Way Down South, Mexico Way

Coronado Island, a national park off the coast of Loreto, Baja, Mexico

Jimi Hendrix perhaps said it best

I’m goin’ way down south 
Way down to Mexico way…
Way down where I can be free 
Ain’t no one gonna find me

Sure, Jimi was talking about a guy running from the law ’cause he’d just shot his cheating wife, but the sentiment is there: 

Heading south to explore the colonial history and natural delights of Baja, Mexico is an ideal form of escape.

Climb into a small van with a local Loreto tour guide…and leave your weapons at home.

I was recently in and around the town of Loreto, in Mexico’s Baja state (the long skinny peninsula that sticks out at the bottom of California), staying at the Villa del Palmar at the Islands of Loreto, a friendly spa resort on the Sea of Cortez. 

Local tour company Wild Loreto helped further my explorations of the southern Baja region. In the company of kind, funny Mexican guys in their 20s and 30s who love their work and speak excellent English, I visited the historic missions at San Javier and Loreto, splashed through a rocky stream, snorkeled the clearest waters I’d ever seen, and snarfed ceviche on a white-sand beach.

The journey from the Villa del Palmar to the mountain town of San Javier is an hour’s drive, 2,ooo feet up into the Giganta Sierra mountain range on a winding, still-in-progress road.

Along the way, I saw:

-sparkling swaths of the Sea of Cortez

-the poorly preserved cave paintings at La Pingüica and the much finer mountain stream beside it

-hawks and vultures soaring overhead

-hillsides’ worth of indigenous cardón cactus, the largest variety on Earth

-and a Mad Max-type dune buggy practicing for the late November off-road race called the Baja 1000

Photo taken by the delightful Dan Miller, who had a way better seat in the van than I did

The 1759 Jesuit mission at San Javier, the second-oldest in Mexico, is an amazing feat of engineering in what amounts to the middle of nowhere; the stones used to build it were quarried 12 miles away and then schlepped here, uphill. A crown jewel in a dusty village, the mission has inspired one restaurant (where you should try the local cotija goat cheese with a side of mango jam), a cute little B & B, and little else in the way of tourist facilities.

What’s to do up here, then? Observe a stone-carving class at the local community center, a skill which enables preservation of the mission; tour the mission’s gilded interior and small cemetery; then take a wander out back, past overgrown vineyards and working farms, to see Mexico’s oldest olive tree.

San Javier’s mission, stone carvers, quiet walks, Mexico’s oldest olive tree, and the landscape at La Pinguica

After San Javier, heading down into the small city of Loreto can hit you with a bit of culture shock: there’s a big fishing marina, general stores with bright and garish signs, and even vehicular traffic. The old town has a sweet elegance, however: the mission here is actually Mexico’s oldest (despite its renovations), and it’s surrounded by cobbled streets and arched hedges strung with lights. The enticing, affordable shops in this part of Loreto are full of shiny silver, hand-painted pottery, woolen serape blankets, and dioramas with teeny-tiny bands of mariachis.

Wherever you go for lunch or dinner in these parts (ask Wild Loreto or check out Baja.com for recommendations), be sure to try the almejas, or “chocolate clams”; a local delicacy, these big brown-shelled bivalves are sometimes served with a melted sprinkling of cheese.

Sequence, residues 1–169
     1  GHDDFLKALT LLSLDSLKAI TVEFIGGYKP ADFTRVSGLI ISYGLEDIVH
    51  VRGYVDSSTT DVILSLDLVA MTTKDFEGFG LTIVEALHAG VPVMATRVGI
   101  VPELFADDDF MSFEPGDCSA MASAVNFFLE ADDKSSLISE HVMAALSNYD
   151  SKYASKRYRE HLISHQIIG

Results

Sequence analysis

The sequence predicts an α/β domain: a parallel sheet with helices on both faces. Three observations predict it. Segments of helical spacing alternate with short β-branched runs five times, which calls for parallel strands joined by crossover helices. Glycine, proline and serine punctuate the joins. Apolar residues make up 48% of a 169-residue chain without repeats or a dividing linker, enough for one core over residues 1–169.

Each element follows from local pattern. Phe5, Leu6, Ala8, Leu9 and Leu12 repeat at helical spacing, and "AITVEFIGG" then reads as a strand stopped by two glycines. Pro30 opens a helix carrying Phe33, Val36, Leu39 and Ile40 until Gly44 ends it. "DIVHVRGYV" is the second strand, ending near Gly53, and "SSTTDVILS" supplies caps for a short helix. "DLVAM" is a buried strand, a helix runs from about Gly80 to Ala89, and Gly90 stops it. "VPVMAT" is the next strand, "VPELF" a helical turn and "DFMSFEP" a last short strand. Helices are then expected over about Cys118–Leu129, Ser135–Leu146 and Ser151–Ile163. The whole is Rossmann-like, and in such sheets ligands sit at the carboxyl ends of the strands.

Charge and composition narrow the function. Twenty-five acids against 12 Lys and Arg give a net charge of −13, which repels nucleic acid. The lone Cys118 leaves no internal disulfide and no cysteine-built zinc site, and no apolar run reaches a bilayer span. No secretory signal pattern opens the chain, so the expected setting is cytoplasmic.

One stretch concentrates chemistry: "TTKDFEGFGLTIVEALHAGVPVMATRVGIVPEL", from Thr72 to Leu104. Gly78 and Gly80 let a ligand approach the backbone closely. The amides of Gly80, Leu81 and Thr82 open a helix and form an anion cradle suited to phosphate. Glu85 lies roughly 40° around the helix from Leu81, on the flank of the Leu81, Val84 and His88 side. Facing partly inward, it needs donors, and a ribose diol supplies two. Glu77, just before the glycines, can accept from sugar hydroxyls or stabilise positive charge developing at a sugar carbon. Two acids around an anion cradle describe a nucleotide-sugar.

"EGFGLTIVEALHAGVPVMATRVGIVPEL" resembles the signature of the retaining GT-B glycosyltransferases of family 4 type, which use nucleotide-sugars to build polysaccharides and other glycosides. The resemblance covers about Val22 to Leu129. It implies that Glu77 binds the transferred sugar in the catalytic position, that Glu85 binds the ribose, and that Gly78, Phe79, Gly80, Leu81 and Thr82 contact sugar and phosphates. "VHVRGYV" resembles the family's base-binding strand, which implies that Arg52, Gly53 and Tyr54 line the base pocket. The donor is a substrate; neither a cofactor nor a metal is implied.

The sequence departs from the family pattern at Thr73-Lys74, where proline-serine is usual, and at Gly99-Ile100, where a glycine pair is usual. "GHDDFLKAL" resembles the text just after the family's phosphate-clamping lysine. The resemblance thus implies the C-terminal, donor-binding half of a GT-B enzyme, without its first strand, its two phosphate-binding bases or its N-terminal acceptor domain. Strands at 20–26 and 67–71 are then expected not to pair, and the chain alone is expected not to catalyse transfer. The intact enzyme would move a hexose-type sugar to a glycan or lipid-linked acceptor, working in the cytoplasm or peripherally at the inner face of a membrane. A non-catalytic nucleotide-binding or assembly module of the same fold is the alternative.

The mission, old-town shops and “chocolate clams” of Loreto

When you’re ready to get out on the water, know that Wild Loreto’s biggest ace in the hole is their knowledge of the Sea of Cortez. They can show you amazing dive spots, where to find choice game fish (including marlin, dorado, and yellowfin tuna), or, as in my case, where to have the best snorkeling experience of your life

A 30-minute boat trip from the Loreto marina, the 50-mile-long UNESCO World Heritage sanctuary of Loreto Bay National Marine Park is composed of the five major Islands of Loreto. My particular journey was to Coronado Island, where I found warm, clear water that’s chock full of huge parrotfish, silver-striped sergeant majors, strange starfish (like the tan-bodied, brown-spiked “chocolate chip”), and the occasional acid-green moray eel.

Sometimes you’ll find sea turtles, dolphins and whales out this way, but I had to content myself with a flock of blue-footed boobies, a seagull only otherwise found in the Galapagos Islands, and a big colony of sea lions. Every time I lifted my snorkel-masked face out of the water, I could hear these furry pinnipeds barking up a storm.

Post-snorkel, it was on to the beach side of Coronado Island, which has some of the whitest sand in Baja. Though popular with small tours and locals, this crescent-shaped idyll of see-through sea felt uncrowded even on a Saturday afternoon. There are a couple of makeshift port-a-potties just off the beach and a handful of frond-fringed palapas for shade; Wild Loreto brought along ceviche, chips, beer, water and sodas, and the snacking, sand-strolling, water-floating and nap-taking began in earnest.

I’ve never seen a more beautiful beach in my life. 


Wild Loreto offers daily tours of the southern Baja region of Mexico;
Book directly through their site, or visit them in the lobby of the
Villa del Palmar at the Islands of Loreto


My tours of San Javier, Loreto and the Loreto Bay National Marine Park
were provided courtesy of Wild Loreto and the Villa del Palmar,
but all opinions and observations are my own.


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